Kencko, a company that wants to help people eat more fruit and vegetables in their daily life, is entering feast mode after it announced a $3.4 million seed round for growth and product development.
We profiled the company last year, but — for those who missed it — Kencko develops plant-based products that help people eat healthily without having to suffer the pain of horrible-tasting food or other extreme eating. That’s to say that its fruit drinks, the company’s first product, include the pulp and vitamins absent in pressed juice but come in a convenient sachet that has been flash-frozen and slow-dried to retain all the goodness. The company says that each packet, which is 20g and mixes with water, contains two of the five-a-day recommendation for fruit and vegetable servings.
Right now, Kencko — which means health in Japanese — is selling the fruit drink with six flavor options. Founder and CEO Tomás Froes said the plan is to add as many as half a dozen new options before this year is out. Also coming are two new products that, like the drinks, are made from 100% organic fruits and vegetables to, again, make it easy and tasty to eat healthily.
Beyond products, Kencko is also using the new capital to develop its direct-to-consumer strategy. A big focus of that is its mobile app, which is currently in beta with early customers but will get a full launch this year, according to Froes.
Kencko products are sold in units but also as a subscription, and that bundle will include a personal nutritionist — from Kencko’s in-house team — who will use data collected in the app to help customers personalize their diet and approach to health. Further down the line, that may include face-to-face appointments in parts of the U.S. and remote-based sessions, added Froes — who runs the 25-person company with co-founder and CBO Ricardo Vice Santos.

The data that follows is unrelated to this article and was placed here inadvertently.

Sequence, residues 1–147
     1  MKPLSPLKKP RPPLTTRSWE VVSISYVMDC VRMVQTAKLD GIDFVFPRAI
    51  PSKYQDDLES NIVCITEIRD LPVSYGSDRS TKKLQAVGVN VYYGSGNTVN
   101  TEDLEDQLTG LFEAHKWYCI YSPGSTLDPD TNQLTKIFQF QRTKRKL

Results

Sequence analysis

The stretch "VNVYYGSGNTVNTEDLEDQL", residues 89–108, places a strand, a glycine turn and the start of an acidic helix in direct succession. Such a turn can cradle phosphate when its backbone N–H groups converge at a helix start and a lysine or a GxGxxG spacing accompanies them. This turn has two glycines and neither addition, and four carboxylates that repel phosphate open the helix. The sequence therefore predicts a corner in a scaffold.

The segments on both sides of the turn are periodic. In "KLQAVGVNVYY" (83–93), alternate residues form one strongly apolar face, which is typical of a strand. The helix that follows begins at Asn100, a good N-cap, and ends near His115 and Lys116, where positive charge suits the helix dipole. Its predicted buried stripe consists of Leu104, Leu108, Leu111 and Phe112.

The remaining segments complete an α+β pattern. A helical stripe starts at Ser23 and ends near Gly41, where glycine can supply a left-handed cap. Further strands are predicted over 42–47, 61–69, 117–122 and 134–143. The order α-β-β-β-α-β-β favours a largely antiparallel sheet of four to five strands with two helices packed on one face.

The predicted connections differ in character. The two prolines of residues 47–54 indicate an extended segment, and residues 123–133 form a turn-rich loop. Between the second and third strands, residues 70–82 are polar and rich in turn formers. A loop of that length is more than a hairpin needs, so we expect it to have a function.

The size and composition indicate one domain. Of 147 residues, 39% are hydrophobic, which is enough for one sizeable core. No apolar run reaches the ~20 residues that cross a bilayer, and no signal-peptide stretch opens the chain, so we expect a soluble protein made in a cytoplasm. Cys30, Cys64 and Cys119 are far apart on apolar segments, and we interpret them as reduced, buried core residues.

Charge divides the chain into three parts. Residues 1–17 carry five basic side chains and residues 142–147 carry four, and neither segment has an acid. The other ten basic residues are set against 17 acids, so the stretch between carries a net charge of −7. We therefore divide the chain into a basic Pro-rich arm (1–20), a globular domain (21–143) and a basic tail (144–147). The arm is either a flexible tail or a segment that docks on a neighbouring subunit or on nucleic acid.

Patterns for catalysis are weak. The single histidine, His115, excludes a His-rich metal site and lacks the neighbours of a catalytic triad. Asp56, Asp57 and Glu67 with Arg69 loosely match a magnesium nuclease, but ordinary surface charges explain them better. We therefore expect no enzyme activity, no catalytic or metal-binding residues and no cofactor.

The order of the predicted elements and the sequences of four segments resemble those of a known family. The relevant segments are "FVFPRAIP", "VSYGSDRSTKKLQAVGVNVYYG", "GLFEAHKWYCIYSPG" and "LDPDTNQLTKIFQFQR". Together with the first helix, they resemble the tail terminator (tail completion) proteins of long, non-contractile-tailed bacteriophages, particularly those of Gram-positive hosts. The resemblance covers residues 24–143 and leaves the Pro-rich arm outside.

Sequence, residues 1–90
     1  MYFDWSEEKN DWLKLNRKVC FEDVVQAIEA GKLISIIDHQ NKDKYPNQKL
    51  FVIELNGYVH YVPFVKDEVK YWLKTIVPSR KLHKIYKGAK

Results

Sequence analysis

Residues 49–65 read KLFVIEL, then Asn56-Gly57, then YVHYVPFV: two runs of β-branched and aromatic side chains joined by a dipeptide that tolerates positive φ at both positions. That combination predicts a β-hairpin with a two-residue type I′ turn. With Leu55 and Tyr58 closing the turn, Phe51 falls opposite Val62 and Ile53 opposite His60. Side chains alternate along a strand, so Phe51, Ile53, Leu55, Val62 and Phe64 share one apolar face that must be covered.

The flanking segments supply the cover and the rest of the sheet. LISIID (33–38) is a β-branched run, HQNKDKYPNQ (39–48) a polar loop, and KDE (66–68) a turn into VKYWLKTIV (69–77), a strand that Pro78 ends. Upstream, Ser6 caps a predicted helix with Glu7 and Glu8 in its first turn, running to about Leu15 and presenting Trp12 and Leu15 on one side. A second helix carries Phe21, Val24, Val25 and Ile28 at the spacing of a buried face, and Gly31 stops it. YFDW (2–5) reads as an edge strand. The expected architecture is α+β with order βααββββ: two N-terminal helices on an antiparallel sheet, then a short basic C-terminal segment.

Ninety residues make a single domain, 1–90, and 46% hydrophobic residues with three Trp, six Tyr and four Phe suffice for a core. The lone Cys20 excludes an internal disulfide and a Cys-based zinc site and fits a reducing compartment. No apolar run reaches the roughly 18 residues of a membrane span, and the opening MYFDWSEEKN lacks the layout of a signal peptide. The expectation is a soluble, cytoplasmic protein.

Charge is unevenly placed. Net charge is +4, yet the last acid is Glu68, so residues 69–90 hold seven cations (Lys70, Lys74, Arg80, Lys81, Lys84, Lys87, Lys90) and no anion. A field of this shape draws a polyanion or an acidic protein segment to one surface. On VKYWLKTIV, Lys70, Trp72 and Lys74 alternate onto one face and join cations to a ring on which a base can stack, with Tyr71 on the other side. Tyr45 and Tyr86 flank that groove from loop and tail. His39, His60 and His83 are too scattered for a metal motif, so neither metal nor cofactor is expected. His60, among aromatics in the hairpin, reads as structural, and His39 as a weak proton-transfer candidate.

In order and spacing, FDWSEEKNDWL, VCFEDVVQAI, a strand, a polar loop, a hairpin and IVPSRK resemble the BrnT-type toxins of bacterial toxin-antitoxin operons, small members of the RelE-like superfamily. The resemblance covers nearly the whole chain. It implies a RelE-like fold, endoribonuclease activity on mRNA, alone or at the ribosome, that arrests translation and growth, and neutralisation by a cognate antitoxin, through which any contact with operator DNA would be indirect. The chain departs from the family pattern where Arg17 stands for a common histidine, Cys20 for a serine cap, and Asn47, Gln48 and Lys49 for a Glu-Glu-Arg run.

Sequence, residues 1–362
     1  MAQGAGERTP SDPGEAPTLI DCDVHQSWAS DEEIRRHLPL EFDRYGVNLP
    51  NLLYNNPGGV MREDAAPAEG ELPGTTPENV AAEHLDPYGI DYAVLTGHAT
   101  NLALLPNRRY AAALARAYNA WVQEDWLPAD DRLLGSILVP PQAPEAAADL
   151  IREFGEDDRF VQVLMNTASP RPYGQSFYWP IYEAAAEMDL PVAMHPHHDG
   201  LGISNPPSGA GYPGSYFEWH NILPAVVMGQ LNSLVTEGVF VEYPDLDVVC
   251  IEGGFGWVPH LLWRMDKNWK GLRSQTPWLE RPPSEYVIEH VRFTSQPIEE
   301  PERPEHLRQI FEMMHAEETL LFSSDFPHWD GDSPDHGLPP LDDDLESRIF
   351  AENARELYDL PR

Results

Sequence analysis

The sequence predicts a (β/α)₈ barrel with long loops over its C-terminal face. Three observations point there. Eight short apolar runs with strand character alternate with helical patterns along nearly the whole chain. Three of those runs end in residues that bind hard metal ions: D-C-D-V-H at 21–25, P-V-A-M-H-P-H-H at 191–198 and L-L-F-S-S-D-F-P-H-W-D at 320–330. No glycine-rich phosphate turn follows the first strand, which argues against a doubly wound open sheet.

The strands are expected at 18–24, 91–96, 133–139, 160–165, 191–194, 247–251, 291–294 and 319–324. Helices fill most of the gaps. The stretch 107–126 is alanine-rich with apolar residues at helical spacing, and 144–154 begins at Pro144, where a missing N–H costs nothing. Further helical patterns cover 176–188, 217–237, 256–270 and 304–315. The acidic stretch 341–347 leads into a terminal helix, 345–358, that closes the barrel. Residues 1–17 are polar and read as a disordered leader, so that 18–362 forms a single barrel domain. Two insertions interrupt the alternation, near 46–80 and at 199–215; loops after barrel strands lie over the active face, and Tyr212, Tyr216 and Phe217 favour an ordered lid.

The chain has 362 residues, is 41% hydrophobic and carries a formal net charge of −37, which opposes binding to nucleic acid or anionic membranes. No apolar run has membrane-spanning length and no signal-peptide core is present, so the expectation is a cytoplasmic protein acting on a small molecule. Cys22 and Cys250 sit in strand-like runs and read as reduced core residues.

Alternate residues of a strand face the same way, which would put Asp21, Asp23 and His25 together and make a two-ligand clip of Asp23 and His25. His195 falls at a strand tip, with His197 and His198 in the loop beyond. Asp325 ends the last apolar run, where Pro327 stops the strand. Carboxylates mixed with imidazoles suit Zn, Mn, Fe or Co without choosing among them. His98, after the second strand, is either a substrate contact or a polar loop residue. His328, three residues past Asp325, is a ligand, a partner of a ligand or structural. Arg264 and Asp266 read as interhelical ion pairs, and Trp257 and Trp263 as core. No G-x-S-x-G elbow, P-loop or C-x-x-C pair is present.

Kencko is focused on the U.S. and Canada but is available worldwide. Customers can buy the fruit drink through a $16 three-day-trial pack, or more committed packages of 20 and 60 sachets, which cost $60 and $150, respectively.
Froes became a vegan after being diagnosed with acute gastritis. He was inspired to start the company in 2017 after a 90% fruit and vegetable diet cleared the condition without medicine — a doctor had previously told him that he would need to be treated with a cocktail of pills for the rest of his life.
Now, with plant-based brands like Impossible Foods and Beyond Meat booming and increased media coverage of the science and sustainability of food, Froes believes interest in healthy diet options has never been higher.
“There is demand for more transparency and knowledge on ingredients,” he explained in an interview. “The past few years have sparked a completely new revolution around food.”
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